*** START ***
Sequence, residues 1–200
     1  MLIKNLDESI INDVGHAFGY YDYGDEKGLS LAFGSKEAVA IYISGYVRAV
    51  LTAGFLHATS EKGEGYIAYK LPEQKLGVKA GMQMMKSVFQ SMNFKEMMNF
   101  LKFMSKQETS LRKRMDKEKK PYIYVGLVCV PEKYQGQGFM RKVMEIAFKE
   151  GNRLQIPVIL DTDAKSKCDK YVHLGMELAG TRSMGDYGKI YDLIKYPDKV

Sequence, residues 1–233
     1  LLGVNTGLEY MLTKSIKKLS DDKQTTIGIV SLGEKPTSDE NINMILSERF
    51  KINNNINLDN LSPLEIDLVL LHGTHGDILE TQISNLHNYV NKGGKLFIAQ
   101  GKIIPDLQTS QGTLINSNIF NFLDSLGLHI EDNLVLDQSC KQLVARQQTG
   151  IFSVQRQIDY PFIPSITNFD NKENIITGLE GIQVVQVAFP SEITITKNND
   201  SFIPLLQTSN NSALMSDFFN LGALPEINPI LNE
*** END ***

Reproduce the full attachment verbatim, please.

Sequence, residues 1–200
     1  MLIKNLDESI INDVGHAFGY YDYGDEKGLS LAFGSKEAVA IYISGYVRAV
    51  LTAGFLHATS EKGEGYIAYK LPEQKLGVKA GMQMMKSVFQ SMNFKEMMNF
   101  LKFMSKQETS LRKRMDKEKK PYIYVGLVCV PEKYQGQGFM RKVMEIAFKE
   151  GNRLQIPVIL DTDAKSKCDK YVHLGMELAG TRSMGDYGKI YDLIKYPDKV

Sequence, residues 1–233
     1  LLGVNTGLEY MLTKSIKKLS DDKQTTIGIV SLGEKPTSDE NINMILSERF
    51  KINNNINLDN LSPLEIDLVL LHGTHGDILE TQISNLHNYV NKGGKLFIAQ
   101  GKIIPDLQTS QGTLINSNIF NFLDSLGLHI EDNLVLDQSC KQLVARQQTG
   151  IFSVQRQIDY PFIPSITNFD NKENIITGLE GIQVVQVAFP SEITITKNND
   201  SFIPLLQTSN NSALMSDFFN LGALPEINPI LNE